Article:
Location: Harbor Springs, Mich.
Course architects: Bill Newcomb. Jim Flick, Everett Kircher, Stephen Kircher, Bernie Friedrich and Newcomb formed the committee that selected the holes.
Tee — Yardage | Rating / Slope:
Brown — 6,814 | 73.9 / 143
Purple — 6,563 | 72.3 / 140
Orange — 6,233 | 71.1 / 136
Green — 5,658 | 67.9 / 139
Silver — 4,935 | 64.5 / 129
Orange — 6,233 | 77.4 / 145
Green — 5,658 | 67.9 / 139
Red — 4,935 | 69.8 / 129
Saturday morning green fee: $$ [$50-$99]
Caddie service: No
Walker friendly: Carts only
Starter: The Donald Ross Memorial, an amenity of the Boyne resorts, pays homage to the legendary golf architect who designed more than 600 courses, including Pinehurst No. 2, Seminole, Royal Dornoch, Oakland Hills, Inverness and Aronimink. Each Ross Memorial hole is identical to a famous original in shape, bunkering, yardage and elevation changes. The 18 holes were chosen from among 300 candidates by a team that spent four years scouting Ross designs in search of holes that worked with Boyne’s gentling rolling terrain.
Play because ...: The Ross Memorial offers the opportunity to play holes from 14 different Donald Ross courses, many of them that are not open to public play, and to test oneself against holes that saw action in three Ryder Cups, eight U.S. Amateurs, 11 PGA Championships and 14 U.S. Opens. In 1990, Golf Digest named Donald Ross Memorial the best new course in the U.S.
Takeaway: From its deep hay-like rough to its domed greens, false fronts, and 120-plus bunkers, the Ross Memorial dangles risk and reward throughout and challenges players to think strategically on each tee. About a six-hour drive north of Chicago, it’s a great finale of a week-long buddies’ trip to one of Boyne’s three resorts, which offer a chance to play 10 affiliated courses, including designs by Arthur Hills and Robert Trent Jones Sr. For families, the Boyne resorts offer indoor and outdoor swimming, segway tours, a zip line, fat-tire bicycling, tennis, chairlift rides, horseback riding and fishing.
THE RATINGS [1 to 10 scale; 10 being the highest]
Food | Beverage: 8.3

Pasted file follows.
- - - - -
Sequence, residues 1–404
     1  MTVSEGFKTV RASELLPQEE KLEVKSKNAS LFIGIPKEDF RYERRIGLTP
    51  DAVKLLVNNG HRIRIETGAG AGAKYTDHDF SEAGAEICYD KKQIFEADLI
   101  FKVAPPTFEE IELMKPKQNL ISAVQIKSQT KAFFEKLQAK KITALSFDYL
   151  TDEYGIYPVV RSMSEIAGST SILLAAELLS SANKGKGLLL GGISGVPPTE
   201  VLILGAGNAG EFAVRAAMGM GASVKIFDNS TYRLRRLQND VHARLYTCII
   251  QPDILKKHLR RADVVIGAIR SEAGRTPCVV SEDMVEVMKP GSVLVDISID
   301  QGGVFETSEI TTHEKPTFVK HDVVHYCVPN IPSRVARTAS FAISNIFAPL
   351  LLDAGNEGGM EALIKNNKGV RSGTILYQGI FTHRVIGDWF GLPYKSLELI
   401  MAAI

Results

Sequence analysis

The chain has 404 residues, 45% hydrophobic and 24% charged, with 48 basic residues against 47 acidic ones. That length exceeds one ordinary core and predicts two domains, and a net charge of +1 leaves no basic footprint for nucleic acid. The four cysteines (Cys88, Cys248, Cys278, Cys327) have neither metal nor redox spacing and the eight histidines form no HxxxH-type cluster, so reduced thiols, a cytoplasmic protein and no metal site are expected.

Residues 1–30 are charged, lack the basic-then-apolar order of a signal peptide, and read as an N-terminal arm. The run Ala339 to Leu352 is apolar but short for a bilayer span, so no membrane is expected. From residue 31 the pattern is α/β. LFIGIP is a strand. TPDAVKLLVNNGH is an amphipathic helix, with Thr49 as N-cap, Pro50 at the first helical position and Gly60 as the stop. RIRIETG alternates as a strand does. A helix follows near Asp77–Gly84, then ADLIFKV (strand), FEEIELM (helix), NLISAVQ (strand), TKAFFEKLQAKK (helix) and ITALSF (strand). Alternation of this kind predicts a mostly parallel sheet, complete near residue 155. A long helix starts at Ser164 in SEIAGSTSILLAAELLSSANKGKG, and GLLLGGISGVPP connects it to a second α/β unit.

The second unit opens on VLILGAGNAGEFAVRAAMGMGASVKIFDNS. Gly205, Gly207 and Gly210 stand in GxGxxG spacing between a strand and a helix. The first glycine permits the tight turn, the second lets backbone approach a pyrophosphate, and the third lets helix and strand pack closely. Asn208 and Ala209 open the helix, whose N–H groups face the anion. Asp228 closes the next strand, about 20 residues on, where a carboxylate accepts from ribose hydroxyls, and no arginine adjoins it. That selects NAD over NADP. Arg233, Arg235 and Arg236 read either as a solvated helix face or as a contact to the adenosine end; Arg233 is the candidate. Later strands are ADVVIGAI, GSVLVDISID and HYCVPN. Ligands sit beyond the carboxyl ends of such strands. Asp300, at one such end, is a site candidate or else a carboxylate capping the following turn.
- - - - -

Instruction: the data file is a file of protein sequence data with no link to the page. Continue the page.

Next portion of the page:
Pro shop: 8.0
Pace of play: 8.8
Best par 3: No 8 [181 | 167 | 143 | 118 yards]
This hole is a replica of No. 11 at Charlotte Country Club. If you’re afraid of the water, then Ross gets into your head here despite the serenity of scene dominated by a weeping willow on a peninsula jutting into the lake. With a little more length this could be a drivable par 4, but at 181 yards, the hole demands a solid shot over water to a heavily bunkered green. For poorly struck shots, a severe false front can send a ball trickling back into the drink just 4 yards short of the putting surface.
Best par 4: No. 18 [438 | 407 | 375 | 350 | 264 yards]
A replica of the 16th hole at Oakland Hills Country Club’s South Course near Detroit, this dogleg right curls around a lake. From the back tee, a drive of 276 yards to provides a clear view of the green, followed by a wedge or 9-iron that must clear water short and avoid four bunkers left and long. As with any great finishing hole, you’ll feel the critical eyes of diners in the clubhouse perched just behind the green.
Best par 5: No 13 [510 | 502 | 458 | 411 | 372 yards]
Faithful to No. 15 at Seminole Golf Club in Juno Beach, Fla., a lake looms right of a fairway spilt down the middle by four yawning bunkers. Ross designed this to offer a clear choice – take the shortest line to the hole and bring water into play or take the safe line to the left fairway, add up to 60 yards to the hole and forget about getting home in two.
Rater: Dan Vukelich